Randy Saffle's Favorite Place to Paint was featured in Outdoorpainter.com


  • February 12, 2014 7:04 PM | Anonymous

    OPS Members Bob O'Brian and Jimmy Longacre had write ups for Outdoorpainter.com newsletter...





  • February 09, 2014 3:40 PM | Tina Bohlman (Administrator)

    NOTE: This post is authored by OPS Signature member, John Pototschnik and shared with his permission.

    The rooms were softly lit and human voices were as whispers…distant and subdued…yet the sound was deafening. Despite the noise, there was present a prevailing sense of awe and respect…maybe even reverence. I was standing in the presence of greatness…a giant.

    There in those softly lit rooms, at the Meadows Museum in Dallas, hung the illuminated works of Joaquin Sorolla y Bastida, an artist of extraordinary brilliance.


    "Children on the Seashore" - 38"x 51" - Oil (1903)

    “Children on the Seashore” – 38″x 51″ – Oil (1903)



    Sorolla painting children on the beach II


    I had the privilege of enjoying the Sorolla exhibit with my wife, and with artist friend, David Griffin. You’ll be learning more of him in an upcoming blog post. However, being an artist himself, I appreciated his company, keen observation and sensitivity to nuances so wonderfully expressed through Sorolla’s brush. My wife on the other hand, being practical, down to earth, and not impressed by big names, was not enamored with everything Sorolla painted…as I pretty much am. Periodically, I would hear her say, “That’s just not clear, I would never buy that.”…as if we could!!!


    "Oxen Study for 'Afternoon Sun'" - 38"x 54" - Oil (1903)

    “Oxen Study for ‘Afternoon Sun’” – 38″x 54″ – Oil (1903)


    sorolla -

    "The Horse's Bath" - 81"x 98" - Oil (1909)

    “The Horse’s Bath” – 81″x 98″ – Oil (1909)


    Much could be said about Señor Sorolla’s work. If it’s true that paintings reflect an artist’s personality, then Sorolla’s sheer exuberance for life, family, and the joy of painting did not escape me.

    His work exhibits massive confidence and knowledge, most evident in his drawing ability, risky compositions, and use of color. His paintings cannot be ignored for there is an authenticity and honesty that comes through with every stroke of the brush. He must have been a man of depth…bold and boisterous, while at the same time, sensitive and caring. In this regard, I was intrigued by his very tiny “painted notes”, some smaller than five inches, broadly and rapidly painted (probably in minutes) yet with his signature so sensitively and clearly signed that one almost needs a magnifying glass to decipher it.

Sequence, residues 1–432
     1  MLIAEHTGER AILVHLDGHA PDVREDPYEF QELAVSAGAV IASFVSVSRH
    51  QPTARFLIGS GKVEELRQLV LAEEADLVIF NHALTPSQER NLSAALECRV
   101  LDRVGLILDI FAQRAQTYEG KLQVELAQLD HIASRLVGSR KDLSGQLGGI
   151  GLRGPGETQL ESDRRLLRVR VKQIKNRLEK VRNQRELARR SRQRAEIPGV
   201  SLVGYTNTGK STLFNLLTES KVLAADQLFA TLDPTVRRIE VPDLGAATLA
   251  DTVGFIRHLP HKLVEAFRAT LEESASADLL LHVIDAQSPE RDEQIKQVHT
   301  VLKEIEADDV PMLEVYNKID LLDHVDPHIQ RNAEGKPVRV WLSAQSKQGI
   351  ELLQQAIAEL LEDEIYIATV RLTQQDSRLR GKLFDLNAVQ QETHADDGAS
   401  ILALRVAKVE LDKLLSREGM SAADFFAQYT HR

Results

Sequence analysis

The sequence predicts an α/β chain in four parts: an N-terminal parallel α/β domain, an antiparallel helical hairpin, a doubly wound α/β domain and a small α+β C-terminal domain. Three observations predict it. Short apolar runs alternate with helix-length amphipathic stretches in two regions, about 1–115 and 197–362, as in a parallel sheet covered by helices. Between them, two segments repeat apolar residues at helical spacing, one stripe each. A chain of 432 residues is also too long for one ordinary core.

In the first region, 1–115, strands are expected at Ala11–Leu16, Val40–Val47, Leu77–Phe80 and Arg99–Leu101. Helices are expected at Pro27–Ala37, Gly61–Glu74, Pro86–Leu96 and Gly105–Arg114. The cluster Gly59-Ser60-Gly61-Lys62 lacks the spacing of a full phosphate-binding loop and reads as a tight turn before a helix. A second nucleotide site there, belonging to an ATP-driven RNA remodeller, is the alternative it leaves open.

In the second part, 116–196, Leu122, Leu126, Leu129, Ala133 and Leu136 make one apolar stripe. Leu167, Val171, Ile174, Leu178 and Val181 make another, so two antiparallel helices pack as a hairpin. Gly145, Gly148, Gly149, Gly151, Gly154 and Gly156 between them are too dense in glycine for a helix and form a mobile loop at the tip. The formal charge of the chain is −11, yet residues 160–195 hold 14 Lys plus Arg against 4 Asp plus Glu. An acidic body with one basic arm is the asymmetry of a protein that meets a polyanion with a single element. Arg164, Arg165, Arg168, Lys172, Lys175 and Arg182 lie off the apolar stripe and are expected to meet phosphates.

"Another Marguerite" - 51"x 79" - Oil (1892)

    “Another Marguerite” – 51″x 79″ – Oil (1892)…Gold Medal, National Exhibition in Madrid; First Place, Chicago International Exhibition


    "Sad Inheritance" - 83"x 112" - Oil (1899)...Grand Prix and Medal of Honor at Universal Exhibition in Paris; Medal of Honor at National Exhibition in Madrid.

    “Sad Inheritance” – 83″x 112″ – Oil (1899)…Grand Prix and Medal of Honor at Universal Exhibition in Paris; Medal of Honor at National Exhibition in Madrid.


    When standing before any great work of art, in this case Sorolla’s, it’s sort of bitter sweet. Sweet, to see such amazing work and to marvel that one can have such incredible talent and ability. Bitter, in that it’s a very harsh reality check when confronted with one’s own lack of knowledge and ability. Do any of you artists ever feel that way?

    Just a partial view of the 14 murals Sorolla produced en plein air for the series "The Vision of Spain", now installed in the New York Hispanic Society of America.

    Just a partial view of the 14 murals Sorolla produced en plein air for the series “The Vision of Spain”, now installed in the New York Hispanic Society of America.

    Those of us that occasionally paint en plein air understand what it takes to create just a small study on site. Compare that with the jaw-dropping work Sorolla created en plein air. Consider the 14 massive murals he produced depicting several Spanish provinces…14 feet in height, totaling an incredible 227 feet. What is that, just over two football fields? All, en plein air mind you. If there are ever any allusions of personal greatness, this knowledge alone should bring us back to our senses. Right now, I’m feeling pretty small.

    ~ John Pototschnik